Kuriakose points out that the question of geographic and linguistic privilege should also be considered. “… the movement in the Hindi-speaking and Northern region has to be aware of happenings in the South too. Often, when the queer movement in India is represented on any global platform, it carries only the Mumbai or Delhi facets; this needs to change. The movement in the South is equally noteworthy!” And in order for queer issues to reach the mainstream, it seems that collaboration with other marginalised groups is essential. “I think that if marginalised communities in India are talked about in a queer march, it is better for the community because, eventually, to be accepted on a larger social stage we need to gain acceptance across these communities,” says Roy.
Is this collaboration and cross-movement dialogue happening on the ground? Are Indian Pride events making progress towards elevating the voices of queer people who are sometimes rendered invisible? The KRPF collective thinks so. “In recent years, more and more Pride walks are happening in towns and districts of West Bengal and the voice of lesbian, transgender, bisexual, asexual, pansexual, intersex, (and) gender queer people are being heard more and more. Pride parades in West Bengal are becoming more inclusive and are even joining hands with (the) women’s movement and (that of) people living with disability.” In addition, the organisers of the Kolkata Rainbow Pride Walk “try to provide the space for … dissent.” The community-funded walk encourages participants to make posters and other materials to highlight important issues during the event, and constructive feedback is welcomed.
Roy agrees that Pride is becoming more inclusive throughout the country. Inclusivity “is a fight, but it can be fought and it can be successful. One needs to come out in greater numbers and claim their space.” She adds that in January 2016, Mumbai’s Queer Azaadi March followed the example of Bangalore Pride and made their march accessible to people with disabilities. “… it was a lovely experience, thinking in an access-positive manner which also meant that queer PWD (people with disabilities) also joined the march and we are hoping for more such participation next year. It was a huge challenge designing communications, reaching out to people – but we were committed to it nonetheless.”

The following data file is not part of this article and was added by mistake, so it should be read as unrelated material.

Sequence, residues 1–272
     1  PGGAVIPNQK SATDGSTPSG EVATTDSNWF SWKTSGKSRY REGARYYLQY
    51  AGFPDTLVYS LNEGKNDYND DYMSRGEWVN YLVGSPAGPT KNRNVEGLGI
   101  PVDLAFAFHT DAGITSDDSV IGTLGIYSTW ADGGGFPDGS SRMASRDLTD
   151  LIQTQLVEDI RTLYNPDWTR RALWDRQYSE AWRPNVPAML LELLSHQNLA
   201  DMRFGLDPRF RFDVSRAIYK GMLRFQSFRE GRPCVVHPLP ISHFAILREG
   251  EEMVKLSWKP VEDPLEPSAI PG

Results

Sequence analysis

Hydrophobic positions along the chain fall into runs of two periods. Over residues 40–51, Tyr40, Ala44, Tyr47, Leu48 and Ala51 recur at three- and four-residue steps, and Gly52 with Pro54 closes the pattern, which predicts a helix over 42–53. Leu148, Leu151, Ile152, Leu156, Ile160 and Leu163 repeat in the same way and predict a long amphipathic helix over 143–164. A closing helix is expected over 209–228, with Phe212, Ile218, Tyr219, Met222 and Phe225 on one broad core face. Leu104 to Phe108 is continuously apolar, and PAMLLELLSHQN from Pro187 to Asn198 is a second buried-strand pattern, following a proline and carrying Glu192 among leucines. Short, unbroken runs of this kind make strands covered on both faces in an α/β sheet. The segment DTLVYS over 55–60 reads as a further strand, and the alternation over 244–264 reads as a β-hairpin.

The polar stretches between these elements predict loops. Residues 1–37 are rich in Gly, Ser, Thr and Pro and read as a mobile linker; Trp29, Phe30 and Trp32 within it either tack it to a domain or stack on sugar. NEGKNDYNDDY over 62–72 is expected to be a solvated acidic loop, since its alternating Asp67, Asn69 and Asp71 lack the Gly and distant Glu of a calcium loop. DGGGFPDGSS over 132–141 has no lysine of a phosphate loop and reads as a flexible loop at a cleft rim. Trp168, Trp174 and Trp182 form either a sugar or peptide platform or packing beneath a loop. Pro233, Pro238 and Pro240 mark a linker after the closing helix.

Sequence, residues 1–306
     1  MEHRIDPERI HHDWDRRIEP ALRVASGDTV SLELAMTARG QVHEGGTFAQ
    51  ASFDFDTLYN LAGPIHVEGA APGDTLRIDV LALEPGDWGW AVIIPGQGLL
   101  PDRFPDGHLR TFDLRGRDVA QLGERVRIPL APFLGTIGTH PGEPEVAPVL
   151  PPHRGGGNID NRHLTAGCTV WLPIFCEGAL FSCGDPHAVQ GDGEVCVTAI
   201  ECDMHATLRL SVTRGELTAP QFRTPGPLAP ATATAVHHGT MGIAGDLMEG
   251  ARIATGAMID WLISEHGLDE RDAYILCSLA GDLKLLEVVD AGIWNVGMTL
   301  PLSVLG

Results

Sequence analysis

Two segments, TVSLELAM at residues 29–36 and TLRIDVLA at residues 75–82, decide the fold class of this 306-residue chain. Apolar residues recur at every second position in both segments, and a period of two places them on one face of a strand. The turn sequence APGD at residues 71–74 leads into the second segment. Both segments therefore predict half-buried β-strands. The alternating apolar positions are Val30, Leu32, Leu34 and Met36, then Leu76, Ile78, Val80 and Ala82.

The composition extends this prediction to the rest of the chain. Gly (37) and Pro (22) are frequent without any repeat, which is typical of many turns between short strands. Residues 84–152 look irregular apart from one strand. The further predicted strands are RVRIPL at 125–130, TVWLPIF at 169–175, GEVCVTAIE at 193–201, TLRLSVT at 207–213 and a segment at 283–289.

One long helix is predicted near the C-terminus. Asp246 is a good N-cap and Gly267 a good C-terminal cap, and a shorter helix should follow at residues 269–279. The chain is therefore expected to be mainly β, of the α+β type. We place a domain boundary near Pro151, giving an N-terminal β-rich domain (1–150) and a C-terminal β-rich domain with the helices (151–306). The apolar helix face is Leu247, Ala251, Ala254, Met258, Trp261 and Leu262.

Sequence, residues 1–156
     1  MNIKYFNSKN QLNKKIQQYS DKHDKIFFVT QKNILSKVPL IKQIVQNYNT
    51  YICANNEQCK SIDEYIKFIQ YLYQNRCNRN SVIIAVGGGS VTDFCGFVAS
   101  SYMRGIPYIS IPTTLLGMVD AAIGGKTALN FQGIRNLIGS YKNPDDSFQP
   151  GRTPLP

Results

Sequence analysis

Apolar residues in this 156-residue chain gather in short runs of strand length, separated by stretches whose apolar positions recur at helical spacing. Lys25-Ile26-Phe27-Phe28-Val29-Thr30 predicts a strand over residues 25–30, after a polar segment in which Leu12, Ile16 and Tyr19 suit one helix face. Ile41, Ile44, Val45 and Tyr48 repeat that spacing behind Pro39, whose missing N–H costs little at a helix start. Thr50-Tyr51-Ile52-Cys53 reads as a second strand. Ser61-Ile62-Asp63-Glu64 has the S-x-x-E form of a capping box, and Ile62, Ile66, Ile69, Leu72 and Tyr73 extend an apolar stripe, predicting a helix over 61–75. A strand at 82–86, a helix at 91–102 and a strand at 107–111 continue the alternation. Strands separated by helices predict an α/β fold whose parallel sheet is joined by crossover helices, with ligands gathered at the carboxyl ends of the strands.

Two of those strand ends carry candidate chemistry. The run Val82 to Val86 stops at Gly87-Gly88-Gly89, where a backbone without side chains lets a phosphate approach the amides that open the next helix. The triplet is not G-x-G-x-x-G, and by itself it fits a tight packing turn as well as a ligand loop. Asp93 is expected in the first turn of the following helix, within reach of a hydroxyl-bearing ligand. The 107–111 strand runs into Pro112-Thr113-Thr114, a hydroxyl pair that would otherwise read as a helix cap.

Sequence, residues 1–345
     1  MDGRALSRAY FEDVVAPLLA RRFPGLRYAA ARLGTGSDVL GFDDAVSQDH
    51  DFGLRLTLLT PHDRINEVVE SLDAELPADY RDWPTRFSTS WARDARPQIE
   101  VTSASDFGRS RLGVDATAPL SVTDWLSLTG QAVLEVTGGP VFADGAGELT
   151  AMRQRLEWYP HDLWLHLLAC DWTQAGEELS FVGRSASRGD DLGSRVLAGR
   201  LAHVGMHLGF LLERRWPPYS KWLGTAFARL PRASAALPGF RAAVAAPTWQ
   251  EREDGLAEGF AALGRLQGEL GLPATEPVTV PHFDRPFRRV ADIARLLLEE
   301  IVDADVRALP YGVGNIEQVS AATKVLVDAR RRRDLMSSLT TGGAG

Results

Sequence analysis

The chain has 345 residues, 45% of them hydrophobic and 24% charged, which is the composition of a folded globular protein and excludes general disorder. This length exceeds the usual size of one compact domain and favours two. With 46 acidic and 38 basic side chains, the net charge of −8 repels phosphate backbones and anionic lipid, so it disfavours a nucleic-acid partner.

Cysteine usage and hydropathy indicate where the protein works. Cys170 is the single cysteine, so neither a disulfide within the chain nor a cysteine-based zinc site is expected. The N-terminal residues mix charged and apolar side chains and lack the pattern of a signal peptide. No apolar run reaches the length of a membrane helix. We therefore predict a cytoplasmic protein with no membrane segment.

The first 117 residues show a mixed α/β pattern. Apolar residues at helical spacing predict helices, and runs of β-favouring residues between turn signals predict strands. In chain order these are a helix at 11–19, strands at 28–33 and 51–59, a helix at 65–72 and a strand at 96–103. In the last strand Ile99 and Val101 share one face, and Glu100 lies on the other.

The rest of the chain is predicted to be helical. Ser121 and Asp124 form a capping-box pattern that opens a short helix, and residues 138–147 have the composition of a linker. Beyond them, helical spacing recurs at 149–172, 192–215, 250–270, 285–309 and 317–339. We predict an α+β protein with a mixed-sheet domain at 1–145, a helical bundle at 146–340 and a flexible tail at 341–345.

Sen cautions, however, against becoming complacent with queer intersectionality and inclusivity. “When, in 2015, Dalit queer activists in Delhi read out from their manifesto in the Delhi Queer Parade, many people accused the activists of diluting the cause of the parade. In 2016, when some of us carried posters of solidarity with Kashmir and Bastar in the Kolkata Queer Pride, there was an attempt to dissuade us from carrying those posters. For all the self-congratulatory talks on intersectionality, this is the state of queer politics in the Indian metropolis. However, amazing work on building intersectional communities is happening outside the metropolis in the smaller towns and districts.” Organisations like Madhya Banglar Sangram and Nadia Ranaghat Sampriti Society, for example, work with queer people from historically oppressed castes and classes outside major cities. They organise protests, meetings, workshops and more to raise awareness around the specific issues that queer people from Dalit and other marginalised backgrounds face. It is also important, Sen notes, to reflect on the ways in which attempts at inclusivity might not be accessible to all, and to integrate intersectionality into all aspects of the Indian queer rights movement. “… we cannot solely rely on invitations via email or WhatsApp (taking into consideration that not many people are on social media) or remember other marginalised communities just once in a year.”
Defining the Indian queer community and creating space for other movements and identities is an ongoing process that requires self-reflection on both an individual and structural level. Although there is always room for improvement, we cannot discount the importance of Indian Pride as it has grown over the past few decades. The KRPF collective explains the significance of Pride events: “Pride parades are … spaces where diversity is celebrated and confidence is built. Pride parades help people understand the history and necessity for a united queer movement to demand for human rights and dissent against oppression, stigma and violence. The reports of such Pride parades in the media helps many to open a dialogue with parents, friends, and siblings regarding gender and sexuality.” Kuriakose agrees, “Pride marches are one popular arena for various queer collectives and associated support groups to come together and raise their voices in a united manner, however politically varied the support groups might be. Each Pride is a hope for a better tomorrow.”
Thank you to everyone who contributed to this article.
Cover Image: Kolkata Pride